After weeks of intensive physiotherapy, it became possible for Dr Ramdas to sit in a wheel chair. Though he could move his arms, it was not possible for him to use his fingers for any finer purpose. It was clear that

could not perform surgery any more. This was enough for anyone to go into a severe state of depression. With the indomitable will power that he had, Dr Ramdas decided to make the most of the life that God had given him. He loved students and loved teaching even more. Very soon he started taking clinics for the students and he became the most popular teacher whose teaching sessions would be attended by the maximum number of undergraduates as well as post-graduate students. The students loved their wheel-chair teacher who spared no efforts to impart as much knowledge as possible to them.

The Medical College and hospital authorities were very considerate. He was assigned the special side room of the surgical ward that became his new home and was looked after by the nurses and his students with great love. All his needs were provided for and the side room - his home - became an office also.

After some time, Dr Ramdas decided to specialise in Radiology as it was not possible for him to do surgery. He felt that he was not doing full justice to his job and that he should take up an activity wherein he could devote as much time as any of his co-staff members. He did not want any pity or sympathy. He was grateful for the facilities that were extended to him and wanted to give back to the institution as much as he could. He started attending the post-graduate course in Radiology and finally secured the degree of M.D. in Radiology. He was now transferred as Assistant Professor to the Department of Radiology. His reporting sessions and teaching clinics once again attracted a lot of students. The department started humming with academic activity.

During these years of trials and tribulations, his mother, his sister and brother-in-law stood solidly behind him. Dr Ramdas came from an average middle class family without much financial reserves. The entire family pooled together its resources ungrudgingly. They spent every minute they had with him, supporting him actively in his fight to lead as near a normal career as possible. Both his sister and brother-in-law refused promotions as these would have led them away from Nagpur. They would not dream of being away from Dr Ramdas and his mother who needed their support. They continued to shower their love and affection on these two generously and have been pillars of strength to them for near twenty years!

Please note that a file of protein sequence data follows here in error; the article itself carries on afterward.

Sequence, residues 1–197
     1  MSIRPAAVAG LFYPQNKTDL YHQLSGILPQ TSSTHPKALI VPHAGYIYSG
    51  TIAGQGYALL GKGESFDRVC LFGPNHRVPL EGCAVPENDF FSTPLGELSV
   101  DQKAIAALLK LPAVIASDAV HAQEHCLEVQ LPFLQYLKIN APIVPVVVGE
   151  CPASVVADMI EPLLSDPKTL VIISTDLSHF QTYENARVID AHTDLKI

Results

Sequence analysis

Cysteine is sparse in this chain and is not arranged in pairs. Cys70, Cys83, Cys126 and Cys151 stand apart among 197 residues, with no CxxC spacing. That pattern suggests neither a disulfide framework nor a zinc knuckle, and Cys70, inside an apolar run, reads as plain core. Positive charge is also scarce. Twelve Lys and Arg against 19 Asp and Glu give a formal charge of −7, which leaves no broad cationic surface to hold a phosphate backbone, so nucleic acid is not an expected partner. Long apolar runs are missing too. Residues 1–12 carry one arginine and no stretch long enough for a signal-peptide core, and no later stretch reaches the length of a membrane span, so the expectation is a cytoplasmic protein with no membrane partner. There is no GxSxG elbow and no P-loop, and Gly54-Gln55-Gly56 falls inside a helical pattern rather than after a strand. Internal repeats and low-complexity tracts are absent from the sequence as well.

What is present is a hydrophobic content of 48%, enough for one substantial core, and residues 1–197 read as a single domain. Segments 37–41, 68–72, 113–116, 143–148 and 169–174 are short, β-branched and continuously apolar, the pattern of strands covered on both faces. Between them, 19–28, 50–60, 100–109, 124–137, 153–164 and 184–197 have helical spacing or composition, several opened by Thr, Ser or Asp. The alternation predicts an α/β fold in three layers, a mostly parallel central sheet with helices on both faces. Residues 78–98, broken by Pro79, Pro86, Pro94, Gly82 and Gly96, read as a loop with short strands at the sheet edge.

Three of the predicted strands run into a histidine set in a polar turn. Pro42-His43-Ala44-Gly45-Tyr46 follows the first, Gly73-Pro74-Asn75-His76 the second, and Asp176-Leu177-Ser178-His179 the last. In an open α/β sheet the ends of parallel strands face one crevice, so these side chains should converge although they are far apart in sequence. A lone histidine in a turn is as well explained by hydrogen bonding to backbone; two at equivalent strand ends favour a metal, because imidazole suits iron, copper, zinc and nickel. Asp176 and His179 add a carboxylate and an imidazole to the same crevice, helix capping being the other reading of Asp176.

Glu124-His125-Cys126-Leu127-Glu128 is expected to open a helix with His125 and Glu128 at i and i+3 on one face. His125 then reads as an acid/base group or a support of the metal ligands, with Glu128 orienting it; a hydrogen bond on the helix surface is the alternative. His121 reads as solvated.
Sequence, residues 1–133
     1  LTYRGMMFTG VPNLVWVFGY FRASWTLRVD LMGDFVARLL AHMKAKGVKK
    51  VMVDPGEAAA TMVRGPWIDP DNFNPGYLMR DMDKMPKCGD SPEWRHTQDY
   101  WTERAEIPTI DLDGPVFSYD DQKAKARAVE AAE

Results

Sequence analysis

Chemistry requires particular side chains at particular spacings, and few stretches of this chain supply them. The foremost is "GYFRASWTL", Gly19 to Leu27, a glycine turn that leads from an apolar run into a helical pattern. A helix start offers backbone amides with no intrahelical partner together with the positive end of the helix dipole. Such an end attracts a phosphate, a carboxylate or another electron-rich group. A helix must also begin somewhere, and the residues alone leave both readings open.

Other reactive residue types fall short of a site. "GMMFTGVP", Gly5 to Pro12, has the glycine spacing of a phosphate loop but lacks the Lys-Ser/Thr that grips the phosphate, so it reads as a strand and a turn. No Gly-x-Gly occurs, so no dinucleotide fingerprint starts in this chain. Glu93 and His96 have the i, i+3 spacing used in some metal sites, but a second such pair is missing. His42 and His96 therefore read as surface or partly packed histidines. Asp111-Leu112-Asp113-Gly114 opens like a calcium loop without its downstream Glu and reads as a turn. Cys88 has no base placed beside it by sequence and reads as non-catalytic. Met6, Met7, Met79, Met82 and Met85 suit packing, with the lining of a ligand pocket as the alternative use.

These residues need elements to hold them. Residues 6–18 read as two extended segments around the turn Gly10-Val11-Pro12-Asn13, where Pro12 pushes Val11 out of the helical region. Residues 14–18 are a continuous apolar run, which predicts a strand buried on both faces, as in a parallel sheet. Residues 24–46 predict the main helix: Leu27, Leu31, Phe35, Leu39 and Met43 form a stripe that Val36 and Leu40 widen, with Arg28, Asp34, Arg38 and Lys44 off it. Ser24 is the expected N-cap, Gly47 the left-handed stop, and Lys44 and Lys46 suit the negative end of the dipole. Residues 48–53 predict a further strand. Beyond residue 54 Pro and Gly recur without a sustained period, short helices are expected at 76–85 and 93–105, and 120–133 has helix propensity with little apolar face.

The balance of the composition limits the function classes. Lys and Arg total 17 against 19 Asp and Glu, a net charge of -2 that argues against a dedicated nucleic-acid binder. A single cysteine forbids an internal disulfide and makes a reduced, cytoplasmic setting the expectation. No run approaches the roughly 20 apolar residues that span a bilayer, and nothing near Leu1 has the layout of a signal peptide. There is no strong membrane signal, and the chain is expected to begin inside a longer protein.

Whenever I have an occasion to be in Nagpur, I make it a point to visit Dr Ramdas. It was a matter of great joy to me when, during one of my visits, he took me down to the hospital canteen and offered me an aerated drink. He wheeled himself down to the cafeteria and refused help in doing so. One could see the sense of pride and satisfaction on his face when he sat in the canteen for about a quarter of an hour and had refreshments.

It was again a privilege for me to operate on Dr Ramdas' mother for a brain tumour. Fortunately the tumour was benign being a convexity meningioma. Normally I am averse to performing such cold procedures anywhere except in Bombay Hospital. I offered to perform the surgery at Nagpur with the help of Dr Deshpande since that would help Dr Ramdas to be with and visit his mother daily. This was the least I could do for a man whose courage, will power and determination to lead a meaningful life I admired. Fortunately, the mother did well and I meet her too, every time I am in Nagpur.

Dr Ramdas now lives with his sister in hospital quarters. He spends most of his time at home either in bed or in a wheel chair. The children hover around him all the time. The family makes sure that someone or other is always present in the house when Ramdas is in. From time to time accompanied by the little ones he goes out in his wheel chair for some fresh air. This is a saga of endless love and affection that has made Dr Ramdas sustain himself with courage and fortitude with the handicap that he has been laden with. It is a story of sheer grit and determination, of a desire to discharge one's duties in life, to lead a purposeful existence and brave all problems with a smiling face.

One cannot remain without admiration for this wonderful man and his devoted family.

Compilation of professional reminiscences of specialists - edited by M.V.Kamath and Dr.Rekha Karmarkar.